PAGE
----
Dreadball Midgard Delvers – A Review

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Okay, okay I admit it; I’m a fan.

My third review on Dreadball, by Mantic, I decided that as the Skaven in Space got some love, then the Dwarves in Space, aka the Squats  Forge Fathers, should get the same.

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I refer, of course, to the Midgard Delvers. Which sounds like a gay bar near an airport somewhere.

I’m pleased to say that my enthusiasm for the game hasn’t dwindled with repeat playing and with each game I decipher the shonky rules a little better to the point that I pretty much know what I’m doing. This is a good thing. I’ve discovered though, without MVPs to spice things up the teams are a little bit restrictive in the way they play. Or, at least, without making life hard for yourself.

This isn’t necessarily a bad thing. As depending on the opposition it will make for some extremely violent/quick and therefore fun games, I guess the lesson is; play to your strengths. Or hire the people who have others.

But on to the Forge Fathers.

These models are cool. They’re imposing and dynamically posed. Obviously, as with all the other Dreadball teams, there’s only 3 models repeated but it’s one of those things that you’ll just have to accept if you want to play Dreadball and don’t want to convert your entire team. Space Marines (pause for trade mark jokes) minus the shoulder pads and guns have been floated as an alternative to the human team.

I think the thing that makes the Forge Fathers work, like the humans, is that the players are enclosed in armour. They don’t have any facial features so similar or identical models don’t impact quite so much as it does with the Marauders and Veer-myn. The Forge Fathers do look like they’re going to kick seven shades of silly and then walk the ball to the hole.

The Forge Fathers kind of feel like the end result of lessons learned with the other teams, especially some of the woeful poses and shonky plugin arms. The Striker models have a separate leg just like those of the Veer-myn but unlike the Veer-myn they slot together quite nicely. The pose is a little weird – like they’re tip-toeing almost – but that could just be me. Some of the hands come on sprues but I’m not clear why but I suppose there’s something to be said for variety. Shame it’s more of a token than actual variety.

Cast wise they’re also the best I’ve seen from the range with the bits of flash not in stupid places which makes a positive change and certainly makes it quicker to build. Thrown in very few, if any mould lines, and sensible design and they’re nice and quick to build. Huzzah.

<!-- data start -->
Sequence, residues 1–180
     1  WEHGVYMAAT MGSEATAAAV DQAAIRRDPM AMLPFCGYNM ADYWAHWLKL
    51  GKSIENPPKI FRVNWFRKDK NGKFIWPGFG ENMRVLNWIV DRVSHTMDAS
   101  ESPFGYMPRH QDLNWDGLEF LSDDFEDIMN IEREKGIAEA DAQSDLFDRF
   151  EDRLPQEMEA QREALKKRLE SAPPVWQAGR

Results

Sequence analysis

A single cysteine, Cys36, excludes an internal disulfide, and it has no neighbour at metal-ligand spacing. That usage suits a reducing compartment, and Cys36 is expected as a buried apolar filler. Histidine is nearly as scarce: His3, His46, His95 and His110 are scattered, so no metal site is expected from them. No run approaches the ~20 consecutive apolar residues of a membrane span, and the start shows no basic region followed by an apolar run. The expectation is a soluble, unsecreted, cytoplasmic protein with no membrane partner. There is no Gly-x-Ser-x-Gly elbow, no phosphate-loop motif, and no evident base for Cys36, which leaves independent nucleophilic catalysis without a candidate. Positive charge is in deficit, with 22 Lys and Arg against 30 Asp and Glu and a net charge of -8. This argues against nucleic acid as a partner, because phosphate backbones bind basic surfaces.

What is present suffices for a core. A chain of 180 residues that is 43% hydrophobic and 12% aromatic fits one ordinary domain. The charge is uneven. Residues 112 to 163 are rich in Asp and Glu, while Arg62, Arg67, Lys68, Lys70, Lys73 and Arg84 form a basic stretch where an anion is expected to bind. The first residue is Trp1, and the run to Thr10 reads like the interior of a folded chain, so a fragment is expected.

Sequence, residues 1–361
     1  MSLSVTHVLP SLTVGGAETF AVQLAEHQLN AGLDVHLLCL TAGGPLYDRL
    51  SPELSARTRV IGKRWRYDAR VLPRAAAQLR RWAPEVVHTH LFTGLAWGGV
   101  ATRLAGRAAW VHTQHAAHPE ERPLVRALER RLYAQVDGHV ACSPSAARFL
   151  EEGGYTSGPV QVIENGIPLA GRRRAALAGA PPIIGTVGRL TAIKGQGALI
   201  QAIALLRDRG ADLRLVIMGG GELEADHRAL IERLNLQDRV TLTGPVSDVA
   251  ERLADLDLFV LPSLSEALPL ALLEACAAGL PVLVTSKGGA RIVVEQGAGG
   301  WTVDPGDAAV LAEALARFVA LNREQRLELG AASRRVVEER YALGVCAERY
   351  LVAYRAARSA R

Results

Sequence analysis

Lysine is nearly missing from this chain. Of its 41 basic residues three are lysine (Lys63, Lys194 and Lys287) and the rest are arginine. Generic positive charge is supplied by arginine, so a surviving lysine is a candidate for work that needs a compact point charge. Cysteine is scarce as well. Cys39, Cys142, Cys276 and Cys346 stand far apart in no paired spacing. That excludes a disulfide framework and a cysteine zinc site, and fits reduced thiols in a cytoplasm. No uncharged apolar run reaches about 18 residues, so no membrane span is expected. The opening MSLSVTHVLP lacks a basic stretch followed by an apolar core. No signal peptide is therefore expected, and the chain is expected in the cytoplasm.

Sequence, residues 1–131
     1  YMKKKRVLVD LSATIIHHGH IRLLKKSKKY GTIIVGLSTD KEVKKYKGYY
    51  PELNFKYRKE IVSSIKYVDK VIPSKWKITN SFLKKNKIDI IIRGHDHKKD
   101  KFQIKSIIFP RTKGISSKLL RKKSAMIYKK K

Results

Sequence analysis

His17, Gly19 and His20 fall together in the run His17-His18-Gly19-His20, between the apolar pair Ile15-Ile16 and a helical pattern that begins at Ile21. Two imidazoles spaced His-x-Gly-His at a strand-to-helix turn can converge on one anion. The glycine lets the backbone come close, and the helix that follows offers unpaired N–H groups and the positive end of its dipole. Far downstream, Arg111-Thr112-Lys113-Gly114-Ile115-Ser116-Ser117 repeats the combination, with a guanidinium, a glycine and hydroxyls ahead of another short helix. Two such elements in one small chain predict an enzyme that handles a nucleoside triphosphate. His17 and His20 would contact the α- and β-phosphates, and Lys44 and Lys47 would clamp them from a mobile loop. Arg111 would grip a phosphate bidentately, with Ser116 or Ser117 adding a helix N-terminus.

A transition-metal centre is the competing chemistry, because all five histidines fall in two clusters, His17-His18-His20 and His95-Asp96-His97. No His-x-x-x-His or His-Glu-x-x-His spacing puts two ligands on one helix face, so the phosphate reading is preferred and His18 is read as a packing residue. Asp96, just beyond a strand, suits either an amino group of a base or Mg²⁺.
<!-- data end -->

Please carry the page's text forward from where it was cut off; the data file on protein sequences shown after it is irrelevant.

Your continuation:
In game terms, as one would expect of any Dwarf model from any IP, they are stocky, broad, armoured like a tank and look like they can hit as hard as one. These guys are nasty in fight, but slow. Both the Guards and Jacks will beat the living shit out of anything they’re allowed to reach with a strength of 3+. They can form a fighting wedge that’ll allow their utterly clumsy strikers get to a strike zone. If a Forge Father finds themselves in a position where they have to evade, dodge or dash it will end very very badly with a speed roll of 5+.

It rather suggests that the way to win with Forge Fathers is to present a solid wall of muscle and armour along the touch-line and once the ball is in play, pound the living daylights out of any opposing team member that comes your way and then slowly push the line forward before dropping in a 4 point play on the final rush. It’s not subtle, it utterly lacks finesse but the Forge Fathers don’t strike me as a bunch that would really give a toss one way or the other providing they walked away with the win.

Interestingly Forge Fathers are the team that you’d really have to play to your strengths with. At the rate at which they’d mang faces the likes of the Veer-myn would need to cheat left right and centre to stand a hope in hell’s chance of beating them. Legging it and hoping for the best would be…unpleasant. That said, as soon as you were able to buckle or break the Forge Father line you could easily out pace them.

The Forge Father’s represent a challenging but exciting team to use in Dreadball. The models look cool and go together well. The faceless nature of them makes the team feel less like duplicates and more like uniformed team mates which only helps with the duplication of models issue. And actually just kinda makes them look nails.

The Midgard Delvers are available from Firestorm Games priced 13.49.

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